My bill to protect veterans and taxpayers
Earlier this week, we celebrated the 71st anniversary of the original G.I. Bill being signed into law. The legislation sent nearly 8 million returning WWII veterans to college and vocational schools, and helped build the middle class in this country. Today’s veterans are taking advantage of a similar benefit called the Post-9/11 G.I. Bill. It’s a generous benefit that can fully cover the tuition, fees, books, and housing at many of our nation’s colleges and universities, like the University of Delaware and Delaware State University.
Unfortunately, a few bad actors in the for-profit college industry are taking advantage of veterans and taxpayers by exploiting a loophole in the law. It’s called the 90-10 loophole.
The 90-10 Rule is a federal law passed by Congress in the 1990s that requires for-profit schools to derive at least 10 percent of their revenues from sources other than the federal government. However, a loophole exists that allows for-profit schools to count military and veteran education assistance as non-federal revenue. As a result, some for-profit institutions have aggressively—and sometimes deceptively—recruited veterans and their G.I. Bill benefits to receive 100 percent of their revenues from taxpayers.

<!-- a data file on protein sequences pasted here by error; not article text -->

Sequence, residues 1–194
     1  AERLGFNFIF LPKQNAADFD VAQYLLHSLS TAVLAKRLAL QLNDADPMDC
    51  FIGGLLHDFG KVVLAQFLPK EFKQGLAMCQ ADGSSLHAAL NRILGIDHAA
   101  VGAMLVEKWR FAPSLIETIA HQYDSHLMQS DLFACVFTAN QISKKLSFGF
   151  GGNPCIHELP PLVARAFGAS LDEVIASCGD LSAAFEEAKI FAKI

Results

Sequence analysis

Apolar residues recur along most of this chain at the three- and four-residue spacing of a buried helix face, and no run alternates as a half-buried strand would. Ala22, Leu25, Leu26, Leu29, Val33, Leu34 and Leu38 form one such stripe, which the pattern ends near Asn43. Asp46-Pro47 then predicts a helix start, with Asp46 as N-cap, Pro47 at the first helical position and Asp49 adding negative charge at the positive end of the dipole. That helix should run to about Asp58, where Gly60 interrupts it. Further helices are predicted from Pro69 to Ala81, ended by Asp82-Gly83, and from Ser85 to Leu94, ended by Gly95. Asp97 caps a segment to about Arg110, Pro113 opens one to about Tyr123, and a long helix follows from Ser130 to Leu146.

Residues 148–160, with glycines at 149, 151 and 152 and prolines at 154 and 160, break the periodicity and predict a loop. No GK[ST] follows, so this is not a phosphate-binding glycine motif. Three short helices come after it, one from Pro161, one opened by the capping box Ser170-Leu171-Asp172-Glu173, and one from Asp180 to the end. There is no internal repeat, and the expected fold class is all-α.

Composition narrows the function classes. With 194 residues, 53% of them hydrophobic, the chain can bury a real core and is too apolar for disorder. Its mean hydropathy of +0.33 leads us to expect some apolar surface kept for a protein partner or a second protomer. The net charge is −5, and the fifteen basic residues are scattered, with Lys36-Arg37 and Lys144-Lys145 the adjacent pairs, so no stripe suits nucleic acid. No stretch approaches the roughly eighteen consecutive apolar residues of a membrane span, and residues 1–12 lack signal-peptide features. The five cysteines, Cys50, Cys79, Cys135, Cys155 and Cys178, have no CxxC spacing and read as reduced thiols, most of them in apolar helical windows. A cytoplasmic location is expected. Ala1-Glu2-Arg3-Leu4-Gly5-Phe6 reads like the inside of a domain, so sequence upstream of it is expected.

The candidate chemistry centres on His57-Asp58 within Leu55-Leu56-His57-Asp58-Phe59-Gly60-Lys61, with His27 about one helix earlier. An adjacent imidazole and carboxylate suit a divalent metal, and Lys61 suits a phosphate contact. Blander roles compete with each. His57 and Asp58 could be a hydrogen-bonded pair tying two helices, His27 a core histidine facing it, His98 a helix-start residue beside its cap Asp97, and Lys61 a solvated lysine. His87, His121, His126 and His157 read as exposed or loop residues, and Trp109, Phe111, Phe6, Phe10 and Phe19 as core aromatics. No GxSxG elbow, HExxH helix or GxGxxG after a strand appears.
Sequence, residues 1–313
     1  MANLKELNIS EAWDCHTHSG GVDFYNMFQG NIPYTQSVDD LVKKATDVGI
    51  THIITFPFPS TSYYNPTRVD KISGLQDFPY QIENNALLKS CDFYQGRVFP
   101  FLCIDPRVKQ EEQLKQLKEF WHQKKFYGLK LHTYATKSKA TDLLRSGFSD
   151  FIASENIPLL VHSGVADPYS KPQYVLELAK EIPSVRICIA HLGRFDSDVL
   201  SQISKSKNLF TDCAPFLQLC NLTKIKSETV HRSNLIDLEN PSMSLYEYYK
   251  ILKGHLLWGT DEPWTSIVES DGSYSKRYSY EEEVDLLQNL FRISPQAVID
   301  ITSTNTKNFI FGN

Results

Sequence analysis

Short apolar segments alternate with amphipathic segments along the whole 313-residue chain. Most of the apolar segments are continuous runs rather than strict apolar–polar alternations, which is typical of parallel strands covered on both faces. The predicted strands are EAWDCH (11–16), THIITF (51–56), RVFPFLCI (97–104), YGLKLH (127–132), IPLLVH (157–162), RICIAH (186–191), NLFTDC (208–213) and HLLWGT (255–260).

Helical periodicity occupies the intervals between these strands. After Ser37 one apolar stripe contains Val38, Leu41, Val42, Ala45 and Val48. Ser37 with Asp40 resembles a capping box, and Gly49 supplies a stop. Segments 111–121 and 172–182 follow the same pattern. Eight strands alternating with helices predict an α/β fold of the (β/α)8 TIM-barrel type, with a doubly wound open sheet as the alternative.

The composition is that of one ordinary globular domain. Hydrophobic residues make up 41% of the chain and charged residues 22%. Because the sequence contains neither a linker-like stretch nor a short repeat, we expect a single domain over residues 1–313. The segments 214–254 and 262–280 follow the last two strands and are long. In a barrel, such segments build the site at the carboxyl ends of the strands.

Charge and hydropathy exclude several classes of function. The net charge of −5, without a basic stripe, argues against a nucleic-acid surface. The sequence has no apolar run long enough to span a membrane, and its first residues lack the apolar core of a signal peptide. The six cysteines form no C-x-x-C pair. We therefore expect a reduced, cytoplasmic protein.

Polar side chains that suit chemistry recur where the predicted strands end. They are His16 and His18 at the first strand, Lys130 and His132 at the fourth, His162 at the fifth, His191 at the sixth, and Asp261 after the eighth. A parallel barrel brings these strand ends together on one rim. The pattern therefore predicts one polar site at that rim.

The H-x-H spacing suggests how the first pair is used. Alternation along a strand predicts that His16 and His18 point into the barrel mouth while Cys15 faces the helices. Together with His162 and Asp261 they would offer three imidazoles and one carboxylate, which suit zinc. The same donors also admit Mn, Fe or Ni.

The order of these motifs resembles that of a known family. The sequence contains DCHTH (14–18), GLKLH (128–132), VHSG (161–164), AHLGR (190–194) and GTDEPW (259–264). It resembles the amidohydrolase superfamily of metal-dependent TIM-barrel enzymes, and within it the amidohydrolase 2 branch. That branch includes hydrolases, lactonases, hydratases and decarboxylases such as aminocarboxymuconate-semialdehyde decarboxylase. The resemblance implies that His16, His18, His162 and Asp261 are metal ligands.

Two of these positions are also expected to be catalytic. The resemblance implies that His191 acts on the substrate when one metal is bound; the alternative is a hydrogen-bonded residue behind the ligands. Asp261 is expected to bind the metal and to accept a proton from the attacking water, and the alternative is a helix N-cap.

In the last five years, 40 percent of Post-9/11 G.I. Bill benefits have gone to for-profit schools, even as questions continue to be raised about these institutions’ graduation, default, and job placement rates. We need to use common sense here. For-profit schools should not receive 100 percent of their funding from taxpayers.
That’s why this week I introduced the Military and Veterans Education Protection Act with 25 of my Senate colleagues. This legislation would close the 90/10 loophole and protect veterans from being targeted by for-profit schools. I don’t believe that all for-profit schools are bad actors, but I do believe that all for-profit schools should demonstrate the quality of their product by obtaining at least some of their revenues from non-federal sources.
I know first-hand just how important and impactful the G.I. Bill can be to a veteran’s life. Thanks to the G.I. Bill, I attended graduate school at the University of Delaware – an opportunity that changed my life for the better. All veterans deserve the same chance, and I want to make sure they are able to invest their benefits wisely. We have a duty to give back to those who served our country, and this legislation is just the first step in making sure no veteran falls victim to bad actors in the for-profit sector.